Many quilters can make do with a regular sewing machine. However, larger projects can prove to be tricky due to lack of throat space. That’s why long-arm machines were invented, to make quilters’ lives easier. However, they too have their drawbacks from an average user’s perspective. Firstly, they usually cost thousands of bucks. Secondly, they might easily take up half of your place, especially if your business is at home with you. Thankfully, there is a middle ground. It’s where the so-called mid-arm quilting machines come in.
But what exactly are those, and how are they different (for better or worse) than your regular domestic sewing machines? I wrote this article as a kind of newbie-friendly guide to choosing the best mid-arm quilting machine, with a few best products and reviews. Note that not all of them are officially regarded as mid-arm. However, even the 2-in-1 models that I included feature a longer arm, more throat space, and powerful specs that come at a fraction of the price.
Do I Need a Mid-Arm Quilting Machine (and Why)?
This is a peculiar species that we’re talking about, and naturally, not everyone will need it. In fact, the first thing to consider is whether you can afford it at all. Since most of these typically cost an arm and a leg, only a passionate and committed quilter who already makes money out of quilting should give it a thought.
But let’s leave the prices to speak for themselves, and see what’s in it for you. Here is what a mid-arm machine will get you, in comparison with other types available out there.
- More space than a small machine. You know how your regular sewing machine can be annoying due to the lack of throat space? A mid-arm addresses this issue. Judging by the arm alone, these are subspecies of long-arm workhorses. The throat space varies in size from 15 to 22 inches, allowing for a very comfortable experience. And, well, this makes every quilter’s dream come true with seamless free-motion quilting.
- You actually get to sit down, unlike with long-arm machines. The latter can be pretty uncomfortable when you quilt for hours on end. With mid-arm, you can sit just like you would with a regular machine, while still getting all the advantages of the long arm!
- The machine could be staring at you. You know how the neck is positioned sideways on a regular machine? With most mid-arm machines, it’s facing you. It means you’ll get a lot of free space on every side of your quilting table. Even though it’s pretty weird for the first-timers, it’s an awesome feature. Of course, you could always position it the traditional way. But why not make a use of all the space?
- There are two bobbins conveniently placed under the table. That’s right! No need to remove your project whenever you want to replace a bobbin. Speaking of tables, they come attached to the machine in most cases. Sure, it all costs a kidney. But once you are able to afford it, no need for further investments!
- Optional stitch regulator. This one may or may not be included in your machine, but it’s definitely a handy little tool for quilting. It even appears in some high-end domestic machines (such as some Bernina models). The purpose is very simple: to even out your stitches. You have two processes at work here: the machine does the stitching, but you do the moving of the quilt underneath the needle. Since those are two very different speeds, it takes a real professional for perfect, smooth and even stitches. A stitch regulator can fix that and improve the final result drastically.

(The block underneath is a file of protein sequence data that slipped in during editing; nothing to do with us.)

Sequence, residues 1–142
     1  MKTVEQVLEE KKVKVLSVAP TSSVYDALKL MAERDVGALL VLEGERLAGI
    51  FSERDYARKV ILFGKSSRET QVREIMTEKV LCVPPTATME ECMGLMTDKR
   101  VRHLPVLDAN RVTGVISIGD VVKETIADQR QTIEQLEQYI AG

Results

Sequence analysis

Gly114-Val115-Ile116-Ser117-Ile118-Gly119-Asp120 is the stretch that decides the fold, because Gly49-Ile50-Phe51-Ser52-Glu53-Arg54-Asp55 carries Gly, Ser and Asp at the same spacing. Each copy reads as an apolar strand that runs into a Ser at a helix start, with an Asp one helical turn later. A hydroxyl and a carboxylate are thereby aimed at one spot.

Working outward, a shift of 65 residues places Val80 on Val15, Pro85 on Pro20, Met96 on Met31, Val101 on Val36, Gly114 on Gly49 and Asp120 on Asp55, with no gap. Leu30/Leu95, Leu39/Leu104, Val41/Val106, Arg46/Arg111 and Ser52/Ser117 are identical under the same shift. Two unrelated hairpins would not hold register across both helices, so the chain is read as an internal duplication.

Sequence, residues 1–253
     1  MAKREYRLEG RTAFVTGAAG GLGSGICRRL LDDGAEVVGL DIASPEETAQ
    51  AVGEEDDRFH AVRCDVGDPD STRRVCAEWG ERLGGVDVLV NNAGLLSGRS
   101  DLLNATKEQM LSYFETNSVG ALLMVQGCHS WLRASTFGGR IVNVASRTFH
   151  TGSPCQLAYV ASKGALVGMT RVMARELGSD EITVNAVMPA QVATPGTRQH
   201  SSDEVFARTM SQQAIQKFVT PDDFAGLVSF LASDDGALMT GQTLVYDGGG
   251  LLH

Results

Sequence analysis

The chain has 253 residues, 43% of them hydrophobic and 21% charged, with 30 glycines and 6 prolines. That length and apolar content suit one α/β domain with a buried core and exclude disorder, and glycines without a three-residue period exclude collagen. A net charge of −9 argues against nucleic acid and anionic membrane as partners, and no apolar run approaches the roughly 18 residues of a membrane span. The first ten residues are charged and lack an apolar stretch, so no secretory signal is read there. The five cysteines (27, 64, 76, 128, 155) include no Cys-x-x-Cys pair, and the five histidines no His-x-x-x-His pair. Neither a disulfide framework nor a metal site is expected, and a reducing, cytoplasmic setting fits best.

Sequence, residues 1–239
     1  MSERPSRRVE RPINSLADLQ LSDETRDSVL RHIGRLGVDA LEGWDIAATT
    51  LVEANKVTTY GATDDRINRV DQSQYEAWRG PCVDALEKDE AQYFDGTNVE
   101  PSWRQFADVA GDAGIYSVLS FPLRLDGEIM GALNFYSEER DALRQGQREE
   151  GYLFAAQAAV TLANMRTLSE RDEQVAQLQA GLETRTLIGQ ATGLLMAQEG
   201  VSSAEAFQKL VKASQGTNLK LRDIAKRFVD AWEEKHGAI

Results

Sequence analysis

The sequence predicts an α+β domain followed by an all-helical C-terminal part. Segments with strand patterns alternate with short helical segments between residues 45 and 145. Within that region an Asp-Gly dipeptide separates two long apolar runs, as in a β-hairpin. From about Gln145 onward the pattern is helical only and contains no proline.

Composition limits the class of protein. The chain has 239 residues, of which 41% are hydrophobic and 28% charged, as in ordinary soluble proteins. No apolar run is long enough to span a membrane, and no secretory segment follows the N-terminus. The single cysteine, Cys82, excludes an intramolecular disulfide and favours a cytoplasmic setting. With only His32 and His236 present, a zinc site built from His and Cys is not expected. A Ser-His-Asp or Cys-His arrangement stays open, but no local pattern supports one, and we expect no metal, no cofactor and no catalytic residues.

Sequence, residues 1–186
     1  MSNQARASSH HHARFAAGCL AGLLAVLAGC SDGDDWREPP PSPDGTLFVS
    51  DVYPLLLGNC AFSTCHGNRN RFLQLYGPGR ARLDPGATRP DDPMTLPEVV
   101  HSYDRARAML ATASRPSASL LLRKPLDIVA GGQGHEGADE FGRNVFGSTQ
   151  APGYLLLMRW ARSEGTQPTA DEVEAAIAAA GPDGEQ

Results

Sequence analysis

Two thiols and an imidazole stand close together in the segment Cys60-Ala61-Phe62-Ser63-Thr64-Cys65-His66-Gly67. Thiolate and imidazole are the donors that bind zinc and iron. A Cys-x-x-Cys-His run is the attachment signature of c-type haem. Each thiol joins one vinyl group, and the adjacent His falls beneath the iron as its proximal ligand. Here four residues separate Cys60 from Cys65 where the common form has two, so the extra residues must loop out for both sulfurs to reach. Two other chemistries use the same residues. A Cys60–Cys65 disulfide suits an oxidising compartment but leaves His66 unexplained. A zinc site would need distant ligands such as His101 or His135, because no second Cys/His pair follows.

3 Best Mid Arm Quilting Machines in 2019
|Janome 1600P-QC Straight-Stitch Machine and Kit||CHECK CURRENT PRICE|
|Juki TL-2010Q 1-Needle, Lockstitch, Portable Sewing Machine with Automatic Thread Trimmer for...||CHECK CURRENT PRICE|
|Q’nique 15R Quilting Machine||CHECK CURRENT PRICE|
I was surprised to learn that Janome advertises this machine as a long-arm. Even though it has 9×6 inches throat space, it’s still not enough even for a mid-arm. But other than that, it’s an extremely powerful machine that excels in both quilting and sewing.
Probably best if you’re not sure about your commitment. Or if you can’t shell out for those very expensive mid-arm models. The blazing speed of 1,600 stitches per minute is more than many industrial sewing machines can do.
Free-motion quilting should be this machine’s middle name. With the throat space measuring 8.5×5.9 inches, it’s not extremely large, but will do the job decently. And you will get an extension table 12×23 inches, allowing for even more comfort with maneuvering your quilts.
Even though it’s primarily designed for straight stitching and quilting, you can also use it for tailoring, dress making, home decor and other projects. Overall, it’s similar in performance with Brother PQ1500SL.
- High Performance Machine: The new Juki TL-2010Q is a high-performance sewing and quilting machine
- Automatic Thread Trimmer: The machine is equipped with an automatic thread trimming device that simultaneously trims the needle and bobbin threads at the sewing end by lightly pressing the push-button
Say hello to his sturdy and powerful monster. It’s a textbook example of a true mid-arm machine, for those who can’t afford or accommodate a long-arm, but still look for various quilting functionalities. The 15-inch throat space will easily fit any size quilts. Plus, the machine is computerized and comes with Quilter’s Creative Touch Software and full-color LCD display, so you can automate the workflow.
The incredible speed of 1,800 stitches outpaces all other models from our list. It isn’t cheap, but at least includes a stitch regulator, which would be an expensive add-on. And there are handles with six quick-access buttons, to make the process even more seamless.